Editorial: City Council, Budget Committee vacancies provide excellent opportunities to serve

January 4, 2012

The new year brings new vistas, and that means at least one change at Hood River City Hall.

Ann Frodel's departure from City Council creates just such a new opportunity.

Frodel had to step down from council as she recently moved outside of city limits. Between her service on council and her tireless efforts to create and sustain the Hood River Waterfront Park, Frodel deserves the thanks of the community. This was made manifest in the key to the city, presented to her last month by Mayor Arthur Babitz (photo, Dec. 31).

But shoes to be filled are shoes to be filled, and now Hood River residents are being asked to consider lacing up.

The council was correct in deciding to open up the application process anew. Planning Commission member Kate McBride, who was a recent applicant for the council seat vacated by Dawna Armstrong in September, had notified City Administrator Bob Francis of her interest in being considered for Frodel's seat. A fresh start on the selection process will not include newly appointed councilor Ed Weathers in selecting an appointee, and, with hope, yield a new field of candidates who might be inspired to take up where Frodel left off.

Now is the time to consider seeking an appointment to City Council. Applications from residents within the city limits are now being taken and are due Jan. 6 by noon. Interviews will be scheduled for the evening of Jan. 9.

Or, if you would like to serve but aren't sure about taking on the commitment of being on council, consider the four open positions on the City Budget Committee.

The committee meets approximately weekly from April until the budget passes in late June. The candidates must be residents within the city and terms last three years.

For further details on either opportunity, residents may contact City Recorder Jennifer Gray at 541-387-5212. Citizens may log onto the city's website at http://ci.hood-river.or.us/ to download the one-page application. Click the button on the main page listed as "City Council Vacancy."

Serving on the city council or budget committee both certainly provide the opportunity to make a difference in your community, but anyone interested needs to decide soon. If you are a city resident and have ever considered getting into public service, this is the time to take that step.

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Parkdale third graders sing "12 Disaster Days of Christmas"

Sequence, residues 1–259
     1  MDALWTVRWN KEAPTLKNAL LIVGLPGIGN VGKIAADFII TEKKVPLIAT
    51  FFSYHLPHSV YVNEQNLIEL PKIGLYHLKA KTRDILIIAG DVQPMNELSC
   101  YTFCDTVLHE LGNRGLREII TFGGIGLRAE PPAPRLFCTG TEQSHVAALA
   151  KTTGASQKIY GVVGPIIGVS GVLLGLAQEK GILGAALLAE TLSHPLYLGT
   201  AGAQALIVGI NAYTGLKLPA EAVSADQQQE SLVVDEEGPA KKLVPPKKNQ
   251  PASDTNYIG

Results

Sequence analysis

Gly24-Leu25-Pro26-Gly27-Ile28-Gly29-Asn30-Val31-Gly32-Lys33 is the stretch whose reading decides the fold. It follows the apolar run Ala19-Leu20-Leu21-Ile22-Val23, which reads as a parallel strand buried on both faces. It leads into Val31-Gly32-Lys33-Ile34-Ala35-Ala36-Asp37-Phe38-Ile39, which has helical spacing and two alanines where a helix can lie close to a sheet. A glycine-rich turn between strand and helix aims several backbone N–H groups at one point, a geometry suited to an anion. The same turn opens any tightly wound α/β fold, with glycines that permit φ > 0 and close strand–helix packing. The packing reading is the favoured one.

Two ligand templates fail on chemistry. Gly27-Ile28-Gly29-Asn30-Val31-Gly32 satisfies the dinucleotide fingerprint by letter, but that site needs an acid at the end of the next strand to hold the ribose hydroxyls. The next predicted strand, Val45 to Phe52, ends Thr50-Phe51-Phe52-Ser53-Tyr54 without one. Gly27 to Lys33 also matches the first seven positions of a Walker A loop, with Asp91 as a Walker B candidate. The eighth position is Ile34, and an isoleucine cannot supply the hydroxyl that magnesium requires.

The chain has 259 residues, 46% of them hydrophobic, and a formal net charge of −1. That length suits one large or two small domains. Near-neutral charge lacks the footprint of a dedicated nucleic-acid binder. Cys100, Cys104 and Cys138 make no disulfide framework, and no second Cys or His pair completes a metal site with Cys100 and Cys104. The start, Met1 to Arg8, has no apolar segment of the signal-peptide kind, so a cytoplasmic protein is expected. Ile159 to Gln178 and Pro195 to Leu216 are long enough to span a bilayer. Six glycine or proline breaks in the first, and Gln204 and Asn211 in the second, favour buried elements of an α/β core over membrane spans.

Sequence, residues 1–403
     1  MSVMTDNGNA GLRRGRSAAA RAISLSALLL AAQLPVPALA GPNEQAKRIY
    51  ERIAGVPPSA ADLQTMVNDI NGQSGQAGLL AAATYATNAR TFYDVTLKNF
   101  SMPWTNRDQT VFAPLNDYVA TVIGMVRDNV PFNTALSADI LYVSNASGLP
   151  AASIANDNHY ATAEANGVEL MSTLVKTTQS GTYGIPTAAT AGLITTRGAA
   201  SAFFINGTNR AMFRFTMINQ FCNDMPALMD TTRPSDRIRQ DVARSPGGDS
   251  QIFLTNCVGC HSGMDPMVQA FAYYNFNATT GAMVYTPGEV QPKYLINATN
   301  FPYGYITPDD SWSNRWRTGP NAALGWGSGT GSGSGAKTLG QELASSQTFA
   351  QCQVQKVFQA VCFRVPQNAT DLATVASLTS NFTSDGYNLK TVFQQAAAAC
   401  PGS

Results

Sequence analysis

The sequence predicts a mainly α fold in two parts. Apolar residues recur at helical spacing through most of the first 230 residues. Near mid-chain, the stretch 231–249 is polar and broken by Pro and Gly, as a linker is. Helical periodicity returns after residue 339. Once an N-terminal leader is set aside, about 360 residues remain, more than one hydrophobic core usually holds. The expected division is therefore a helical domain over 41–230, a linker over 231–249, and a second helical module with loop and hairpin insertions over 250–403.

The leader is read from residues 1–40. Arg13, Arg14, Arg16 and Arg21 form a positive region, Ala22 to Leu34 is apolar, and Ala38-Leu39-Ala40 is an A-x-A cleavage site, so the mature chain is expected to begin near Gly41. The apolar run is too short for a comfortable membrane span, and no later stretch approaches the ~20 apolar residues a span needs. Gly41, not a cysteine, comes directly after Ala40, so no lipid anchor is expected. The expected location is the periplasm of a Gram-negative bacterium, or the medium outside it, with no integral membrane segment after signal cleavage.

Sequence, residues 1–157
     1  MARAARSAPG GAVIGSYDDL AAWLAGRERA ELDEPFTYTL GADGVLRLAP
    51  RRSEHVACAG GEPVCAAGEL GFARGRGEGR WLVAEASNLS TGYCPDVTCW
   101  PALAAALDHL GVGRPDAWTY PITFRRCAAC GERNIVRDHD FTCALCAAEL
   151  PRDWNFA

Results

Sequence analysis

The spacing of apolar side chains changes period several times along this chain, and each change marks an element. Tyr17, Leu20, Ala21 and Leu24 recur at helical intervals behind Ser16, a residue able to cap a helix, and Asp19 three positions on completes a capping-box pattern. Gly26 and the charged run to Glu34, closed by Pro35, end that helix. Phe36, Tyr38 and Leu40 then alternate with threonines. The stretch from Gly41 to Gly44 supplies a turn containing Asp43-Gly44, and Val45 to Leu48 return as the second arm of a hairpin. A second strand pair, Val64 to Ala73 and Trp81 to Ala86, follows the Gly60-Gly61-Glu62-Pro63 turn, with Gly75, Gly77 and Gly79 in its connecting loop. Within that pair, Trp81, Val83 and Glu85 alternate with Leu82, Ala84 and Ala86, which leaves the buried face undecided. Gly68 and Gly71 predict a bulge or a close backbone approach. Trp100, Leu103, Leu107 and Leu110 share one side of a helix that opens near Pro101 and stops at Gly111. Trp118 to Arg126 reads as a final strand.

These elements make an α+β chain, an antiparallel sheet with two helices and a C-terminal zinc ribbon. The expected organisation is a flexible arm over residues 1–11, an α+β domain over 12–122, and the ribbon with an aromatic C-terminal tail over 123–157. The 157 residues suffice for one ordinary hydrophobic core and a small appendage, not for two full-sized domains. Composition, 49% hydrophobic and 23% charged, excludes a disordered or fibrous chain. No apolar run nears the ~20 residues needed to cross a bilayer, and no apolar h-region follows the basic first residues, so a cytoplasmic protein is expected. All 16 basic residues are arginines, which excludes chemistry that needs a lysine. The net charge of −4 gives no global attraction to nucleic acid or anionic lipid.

Welcome to your sing-able Christmas gift list. What follows is an emergency rendition of “12 Days of Christmas” – for outfitting your home or car in case of snow storm, earthquake, flood or other emergency. Read it as a simple list, or sing it to the tune of “12 Days” – you know, as in “ … and a partridge in a pear tree…” Not to make light of it, but the song is a familiar framework for a set of gift ideas that you could consider gathering together, even if the recipient already owns items such as a bunch of coats, tire chains and flashlights. Stores throughout the Gorge are stocked up on all these items. Buying all 12 days might be prohibitive, but here are three ideas for checking any of the dozen off your list (notations follow, 1-12.) The gift items needed to stay warm, dry and safe are also coded to suggest items in your abode (A) in your car (C) or both (B). 12 Gallons of Water (A) 11 Family meals (B) 10 Cans of propane (A) 9 Hygiene bags (B) 8 Packs of batteries (A) 7 Spare coats (B) 6 Bright red flares (C) 5 Cozy blankets (B) 4 Tire chains (C) 3 Flashlights (B) 2 cell phone chargers (B) 1 And a crush-proof first aid kit (B) Price ranges? Here’s a few quotes for days Three, Two, Four and Nine: n A family gift of flashlights (three will run $15-30, Hood River Supply, Tum-A-Lum) n Cell phone chargers (two will run $30-60) n Tire chains (basic set, $30, Les Schwab, returnable if unused for the winter) n Family meals ($100 or so should cover the basics for three or four reasonably well-fed days) n The home kit should be kept in a handy place near an exit, and remember that water needs to be replenished every few months. If you have a solid first aid kit already, switch out the gift idea with “and-a-sto-o-u-t- tub-for it-all …” Otherwise, it’s a case of assembling your home or car kits and making sure all members of the family know what the resources are and how to use them (ie flares and propane). Emergency situations are at worst life-threatening, at best deeply uncomfortable if you and your family are left without power for an extended period, or traveling and find yourself in a situation where you need to wait out a storm, lengthy traffic delay, or other crisis. Notes on the 12 gift ideas: 12 – Gallons of water: that’s one per person in a four-member family to last for three days, the recommended minimum to be prepared for utility outages. 11 – Easy-open packaged goods, energy bars, dried food and nuts are good things to include for nutrition. Think of what your family of four needs for three days to stay fortified and hydrated (see number 12). Can-opener also recommended 10 – If you have a propane camping stove, keep extra fuel handy. 9 – Hygiene bags: put packaged moistened towelettes, toilet paper, and plastic ties in large garbage bags (for personal sanitation) Resource list courtesy of Hood River County Emergency Management, Barbara Ayers, manager/ 541-386-1213. The county also reminds residents to Get a Kit, Make A Plan to connect your family if separated, and Stay Informed. See www.co.hood-river.or.us to opt-in for citizen alerts. Enlarge

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